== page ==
Sen. Jeff Rabon on Tuesday called upon Congress to make available additional funding for emergency drought relief needed by Oklahoma farmers and ranchers.
U.S. Secretary of Agriculture Mike Johanns this week granted a request from Governor Brad Henry asking that a disaster designation be granted to all 77 counties. The disaster declaration makes Oklahoma farmers and producers eligible for low-interest loans through the USDA Farm Services Agency, but additional relief is needed to assist Oklahoma farmers through the state’s worst drought in decades, Rabon said.
“In prior years, Livestock Assistance Payments have been made available to producers,” said Rabon, D-Hugo. “Given that this drought is the worst Oklahoma has seen in many years, Congress needs to step forward to help secure the additional funding to assist farmers and ranchers, and authorize these payments.”
Rabon explained that drought conditions have an effect not only on crops produced, but also limit grazing lands for livestock.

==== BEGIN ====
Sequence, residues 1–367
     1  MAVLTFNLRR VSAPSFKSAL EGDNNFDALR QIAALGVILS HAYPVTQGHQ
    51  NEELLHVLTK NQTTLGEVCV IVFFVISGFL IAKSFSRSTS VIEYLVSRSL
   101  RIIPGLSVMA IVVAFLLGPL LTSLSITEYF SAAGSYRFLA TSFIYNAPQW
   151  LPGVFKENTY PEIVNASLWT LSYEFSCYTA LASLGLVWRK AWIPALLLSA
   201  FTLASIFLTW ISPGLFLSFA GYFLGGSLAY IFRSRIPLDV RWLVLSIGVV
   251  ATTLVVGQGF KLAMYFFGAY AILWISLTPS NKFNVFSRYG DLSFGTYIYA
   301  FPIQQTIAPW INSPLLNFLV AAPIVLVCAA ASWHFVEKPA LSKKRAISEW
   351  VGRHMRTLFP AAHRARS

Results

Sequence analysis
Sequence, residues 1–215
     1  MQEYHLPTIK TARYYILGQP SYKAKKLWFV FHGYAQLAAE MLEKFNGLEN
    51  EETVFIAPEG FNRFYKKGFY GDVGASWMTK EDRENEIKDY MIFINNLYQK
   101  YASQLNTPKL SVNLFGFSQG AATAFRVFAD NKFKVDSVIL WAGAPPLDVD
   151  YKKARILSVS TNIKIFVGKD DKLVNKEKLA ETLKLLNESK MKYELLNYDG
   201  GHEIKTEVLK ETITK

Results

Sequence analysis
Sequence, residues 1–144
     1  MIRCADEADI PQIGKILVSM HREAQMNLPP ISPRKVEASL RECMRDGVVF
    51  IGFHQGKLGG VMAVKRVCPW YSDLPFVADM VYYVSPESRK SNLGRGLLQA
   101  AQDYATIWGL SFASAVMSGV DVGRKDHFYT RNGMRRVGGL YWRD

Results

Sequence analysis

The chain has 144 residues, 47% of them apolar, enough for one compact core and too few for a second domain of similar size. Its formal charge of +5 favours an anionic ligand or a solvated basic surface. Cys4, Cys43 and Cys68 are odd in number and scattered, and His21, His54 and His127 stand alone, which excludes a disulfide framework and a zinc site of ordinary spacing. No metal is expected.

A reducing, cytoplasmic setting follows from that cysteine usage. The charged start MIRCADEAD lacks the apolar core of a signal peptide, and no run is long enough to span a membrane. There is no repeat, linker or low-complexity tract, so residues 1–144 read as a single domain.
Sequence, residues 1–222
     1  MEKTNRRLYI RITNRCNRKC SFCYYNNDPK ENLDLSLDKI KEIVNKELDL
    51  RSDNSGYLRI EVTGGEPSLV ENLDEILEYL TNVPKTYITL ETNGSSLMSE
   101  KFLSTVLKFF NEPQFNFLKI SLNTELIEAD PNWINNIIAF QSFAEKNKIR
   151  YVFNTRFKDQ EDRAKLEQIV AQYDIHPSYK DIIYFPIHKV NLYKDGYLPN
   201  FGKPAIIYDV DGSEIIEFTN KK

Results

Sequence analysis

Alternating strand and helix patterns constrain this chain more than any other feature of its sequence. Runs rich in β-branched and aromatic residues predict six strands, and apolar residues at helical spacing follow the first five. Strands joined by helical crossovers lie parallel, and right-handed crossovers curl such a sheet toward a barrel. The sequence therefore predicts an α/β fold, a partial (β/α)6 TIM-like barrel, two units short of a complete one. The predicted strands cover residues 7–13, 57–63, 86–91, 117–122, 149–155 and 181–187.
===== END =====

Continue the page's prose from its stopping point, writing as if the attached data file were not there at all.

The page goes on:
“Current estimates suggest the Oklahoma wheat crop could be the smallest in 50 years,” Rabon said. “Additionally, grazing lands have been diminished forcing ranchers to purchase additional hay and feed in months they normally would not. Congress needs to be made aware of the severity of the conditions and provide the funding necessary to help our producers through this drought.”
Under the Agricultural Assistance Act of 2003, Livestock Assistance Payments may be made available to producers who have suffered grazing losses due to drought conditions. The amount of relief is contingent upon the number of livestock owned and is eligible to producers who have suffered a grazing production loss of 40 percent or greater.
Rabon urged members of Oklahoma’s Congressional delegation to demand that Livestock Assistance Payments be made available to Oklahoma producers.
“Our farmers and ranchers cannot afford any delay in making this assistance available,” Rabon said. “The expenses associated with replacing grazing loss with feed are overwhelming as increased demand for hay and feed has resulted in considerable increases in price. The Agricultural Assistance Act of 2003 was passed to provide relief in situations like this, and Livestock Assistance Payments are desperately needed now.”